Dr. James Craft of the GHSU Breast Health Center says the additional clarity the 3D images provide enables them to be more confident about their diagnoses.
Kellie Bedenbaugh, a registered breast imaging technologist at the Breast Health Center at Georgia Health Sciences Medical Center, is excited about the hospital’s recent installation of two tomosynthesis systems and what it means for her patients. “Tomosynthesis helps our radiologists see inside the breast much more thoroughly. The images acquired produce a high-quality digital mammogram along with images that the computer divides into multiple layers, which the radiologist can view one millimeter slice at a time,” explains Bedenbaugh.
The Breast Health Center is part of Georgia Health Sciences Health System, the clinical arm of Georgia Health Sciences University (GHSU). An academic health center, GHSU prides itself on its combination of research, technical expertise and patient care. The hospital installed two Hologic Selenia Dimensions digital mammography systems in February and added the Dimensions digital tomosynthesis capability three months later.
The Breast Health Center uses the tomosynthesis system for all mammograms, both screening and diagnostic, and is the first health system in Georgia and one of only a handful in the country to make tomosynthesis the standard for care in breast imaging.
“The usual screening population is asymptomatic,” states Dr. James Craft, a breast imager at the Center and Assistant Professor of Radiology at GHSU. “Seventy-six percent of women who develop breast cancer don’t have any risk factors. We can’t predict who will get breast cancer, and the tomosynthesis dose is less than it was when we were doing film studies a year ago, so we give everyone the best exam and the best care that we can.”
Using Tomosynthesis to See Through the Tissue
Tomosynthesis images are acquired with the breast held briefly in compression. A screening examination, which includes both a 3D tomosynthesis scan and a 2D digital mammogram, takes only seconds longer than a conventional 2D digital mammogram at a total exam dose within the current FDA guidelines for annual mammography screening.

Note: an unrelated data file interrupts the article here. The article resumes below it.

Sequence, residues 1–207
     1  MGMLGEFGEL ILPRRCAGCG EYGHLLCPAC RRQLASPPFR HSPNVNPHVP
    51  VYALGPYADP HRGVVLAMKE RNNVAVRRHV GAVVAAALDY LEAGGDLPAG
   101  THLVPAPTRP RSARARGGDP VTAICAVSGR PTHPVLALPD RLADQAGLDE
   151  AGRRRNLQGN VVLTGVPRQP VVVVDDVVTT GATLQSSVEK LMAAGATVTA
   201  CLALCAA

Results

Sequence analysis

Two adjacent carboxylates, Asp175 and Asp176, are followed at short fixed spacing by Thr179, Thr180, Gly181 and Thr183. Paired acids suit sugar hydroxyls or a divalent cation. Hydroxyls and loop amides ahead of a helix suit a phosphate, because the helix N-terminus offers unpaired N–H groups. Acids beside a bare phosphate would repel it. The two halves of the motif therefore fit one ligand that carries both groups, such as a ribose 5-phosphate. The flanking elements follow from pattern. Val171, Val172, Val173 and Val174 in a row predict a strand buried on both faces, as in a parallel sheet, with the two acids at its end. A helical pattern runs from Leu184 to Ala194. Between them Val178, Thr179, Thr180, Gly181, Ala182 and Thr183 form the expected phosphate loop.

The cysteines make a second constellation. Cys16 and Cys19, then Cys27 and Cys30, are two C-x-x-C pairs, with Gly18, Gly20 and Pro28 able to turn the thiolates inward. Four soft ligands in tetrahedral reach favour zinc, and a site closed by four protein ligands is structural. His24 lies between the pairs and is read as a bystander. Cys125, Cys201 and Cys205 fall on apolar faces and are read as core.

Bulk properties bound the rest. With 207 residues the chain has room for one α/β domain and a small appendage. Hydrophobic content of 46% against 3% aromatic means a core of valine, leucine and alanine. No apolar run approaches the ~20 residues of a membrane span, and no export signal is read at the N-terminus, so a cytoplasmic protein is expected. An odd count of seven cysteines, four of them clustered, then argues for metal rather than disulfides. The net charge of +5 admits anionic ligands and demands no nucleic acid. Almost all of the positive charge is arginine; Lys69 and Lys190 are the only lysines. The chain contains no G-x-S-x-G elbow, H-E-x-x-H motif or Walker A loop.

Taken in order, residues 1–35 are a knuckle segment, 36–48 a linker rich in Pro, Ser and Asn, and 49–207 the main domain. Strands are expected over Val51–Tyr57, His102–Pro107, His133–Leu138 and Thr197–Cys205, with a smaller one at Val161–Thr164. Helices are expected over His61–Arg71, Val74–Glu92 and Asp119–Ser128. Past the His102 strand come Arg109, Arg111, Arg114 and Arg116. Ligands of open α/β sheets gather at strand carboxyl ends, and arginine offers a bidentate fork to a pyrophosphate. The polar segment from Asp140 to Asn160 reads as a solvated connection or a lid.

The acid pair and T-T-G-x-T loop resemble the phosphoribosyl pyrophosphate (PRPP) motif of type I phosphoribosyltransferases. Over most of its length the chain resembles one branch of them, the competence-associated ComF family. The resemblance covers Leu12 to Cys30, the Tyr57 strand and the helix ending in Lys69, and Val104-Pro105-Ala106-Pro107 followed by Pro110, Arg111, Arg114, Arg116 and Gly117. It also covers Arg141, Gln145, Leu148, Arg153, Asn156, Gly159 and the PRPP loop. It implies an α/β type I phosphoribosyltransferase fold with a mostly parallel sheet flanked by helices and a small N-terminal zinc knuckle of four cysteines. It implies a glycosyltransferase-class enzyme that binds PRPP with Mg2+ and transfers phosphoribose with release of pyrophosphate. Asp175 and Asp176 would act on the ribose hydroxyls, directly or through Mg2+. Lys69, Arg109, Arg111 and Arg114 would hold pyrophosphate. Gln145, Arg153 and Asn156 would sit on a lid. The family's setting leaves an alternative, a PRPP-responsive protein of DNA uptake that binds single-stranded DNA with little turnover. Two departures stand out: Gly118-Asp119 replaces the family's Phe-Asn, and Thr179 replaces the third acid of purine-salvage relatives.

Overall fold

The 3D scan results in multiple sequential high-resolution slices that provide clear separation of structures in the breast and their spatial relationship with the surrounding breast tissue. Dr. Craft says tomosynthesis helps enhance some of the architectural distortion, making it easier to see where calcifications are located. “You can truly see through the layers,” he says.
Two mammographers and four technologists at the Breast Health Center perform approximately 7,000 mammograms annually. “The major benefit of tomosynthesis,” explains Dr. Craft, “is being able to see more.” In just a few short months, Dr. Craft and his colleagues have already seen results. “We diagnosed an intraductal invasive cancer using the 3D images; we did not see the cancerous area in the 2D images at all.”
Separating Real Abnormalities from Possible Abnormalities
Dr. Craft says tomosynthesis allows radiologists to detect cancers much earlier, before they become invasive. “With tomosynthesis, we can separate densities that were previously hidden by surrounding tissue which could not be separated. Now, these densities are more obvious sooner, resulting in fewer callbacks, less anxiety and, most importantly, earlier detection.”
Recently, Bedenbaugh took images of a breast cancer survivor with fatty breasts. The 2D images showed one mass. But when Dr. Craft looked at the tomosynthesis images, he saw a second mass behind the nipple that would have been completely missed without the 3D tomosynthesis images.
The Breast Health Center at Georgia Health Sciences Medical Center uses Hologic’s SecurView DX diagnostic workstation to read the mammograms. With digital mammography technology, the breast images are available immediately and the images are stored electronically. The SecurView workstation enables radiologists to manipulate the 2D and 3D images, enhance areas for a closer view, and compare images from other modalities side-by-side.
The breast imaging department also uses the Hologic ATEC vacuum-assisted breast biopsy device for use with stereotactic, MRI or ultrasound guidance, performing as many as three ultrasound biopsies a day. And the department recently added Hologic’s Aegis breast image analysis software for MRI.
The New Standard in Mammography
The University’s role is not just to provide the highest level of patient care, but also to train the next generation of healthcare professionals. To do that, GHSU ensures its staff has the most up-to-date knowledge and training. “Our residents are coming so far so quickly reading mammograms with tomosynthesis,” states Dr. Craft. “Tomosynthesis is helping them get to a level of confidence in what they are seeing much more quickly because they can look through the layers of the breast.
“I am very pleased with tomosynthesis,” concludes Dr. Craft. “The additional clarity that the 3D images provide enables us to be more confident about our diagnoses. It is a tremendous step forward – not only in what we see, but also in what it does for our patients.”
Views and opinions expressed herein by third parties are theirs alone and do not necessarily reflect those of Hologic.
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Case study supplied by Hologic Inc.